Monday, May 25, 2015

Not Your Typical Friendship Fruit Salad

As a former Kindergarten teacher I have always enjoyed doing the Friendship Fruit Salad activity- you know the one where your students bring in different kinds of fruit and you talk about how the different fruits represent the different children in the classroom.  It's a great community building activity that shows that everyone is special and different but we can all make something amazing when you put us together.  Then, you bring in a very old, mushy banana.  You start to put it in the fruit salad and hopefully someone tells you not to because it's old, disgusting and will make it all taste really bad.  That's when you tell them that the rotten banana represents the times when students misbehave or are mean to each other.  You tell them that you don't want the rotten banana in the fruit salad, just like the students in the classroom don't want someone in the classroom who is always mean or misbehaving.  You decide as the teacher not to put the rotten banana in the fruit salad and you ask students to promise to try not to be rotten bananas in the classroom.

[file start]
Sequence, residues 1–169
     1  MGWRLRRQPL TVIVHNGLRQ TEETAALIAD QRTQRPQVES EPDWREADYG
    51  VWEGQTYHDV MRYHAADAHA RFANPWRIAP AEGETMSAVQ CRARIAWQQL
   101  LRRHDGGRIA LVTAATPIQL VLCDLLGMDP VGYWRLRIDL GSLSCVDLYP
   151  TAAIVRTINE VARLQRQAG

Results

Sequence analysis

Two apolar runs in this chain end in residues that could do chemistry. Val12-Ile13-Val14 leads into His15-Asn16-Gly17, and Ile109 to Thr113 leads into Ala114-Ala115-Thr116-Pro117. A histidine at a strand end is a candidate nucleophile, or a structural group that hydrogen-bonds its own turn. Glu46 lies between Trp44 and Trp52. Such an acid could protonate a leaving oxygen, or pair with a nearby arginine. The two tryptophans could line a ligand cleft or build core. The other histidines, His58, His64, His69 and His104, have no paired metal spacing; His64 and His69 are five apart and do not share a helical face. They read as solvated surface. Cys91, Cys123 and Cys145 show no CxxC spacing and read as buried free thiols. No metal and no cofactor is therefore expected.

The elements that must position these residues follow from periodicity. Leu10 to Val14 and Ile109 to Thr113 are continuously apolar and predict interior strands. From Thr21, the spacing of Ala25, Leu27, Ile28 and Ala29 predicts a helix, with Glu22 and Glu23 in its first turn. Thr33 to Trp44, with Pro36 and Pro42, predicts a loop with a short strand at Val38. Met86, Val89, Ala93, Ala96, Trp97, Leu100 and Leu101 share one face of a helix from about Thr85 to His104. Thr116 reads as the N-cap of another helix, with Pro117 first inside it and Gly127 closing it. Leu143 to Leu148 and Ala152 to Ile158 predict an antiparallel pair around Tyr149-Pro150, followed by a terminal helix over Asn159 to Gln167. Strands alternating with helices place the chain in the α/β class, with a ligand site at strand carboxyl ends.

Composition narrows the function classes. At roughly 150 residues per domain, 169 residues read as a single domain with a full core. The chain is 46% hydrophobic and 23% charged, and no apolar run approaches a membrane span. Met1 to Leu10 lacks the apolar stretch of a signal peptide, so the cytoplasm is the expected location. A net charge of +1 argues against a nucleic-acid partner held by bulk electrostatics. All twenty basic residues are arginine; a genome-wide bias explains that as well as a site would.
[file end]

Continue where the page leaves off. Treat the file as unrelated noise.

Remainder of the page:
Well, as a 3rd grade teacher this activity is do-able, but kind of babyish.  BUT, I decided to put a 3rd grade spin on it.  I decided to make it into a close reading activity.  One of the first standards we focus on is RL3.1- the one about asking and answering questions and referring explicitly to the text for the answer.  I wrote a close reading story and some 5W questions.  I am going to teach my students a color-coding system at the beginning of the year when they are just beginning to refer explicitly to the text for their answers. They will highlight the answer to each of the 5W questions with a different color of crayon/colored pencil.  This gets them used to highlighting the text, and it provides them with practice finding the answers in the text.

I am also including a proficiency scale I made for RL3.1 skills for first quarter- we will add more rigor to the scale as we go throughout the school year- this is just the beginning skills for this standard.  Here are some pictures of the activity and grab the freebie at my TpT store Friendship Fruit Salad: A Close Reading Activity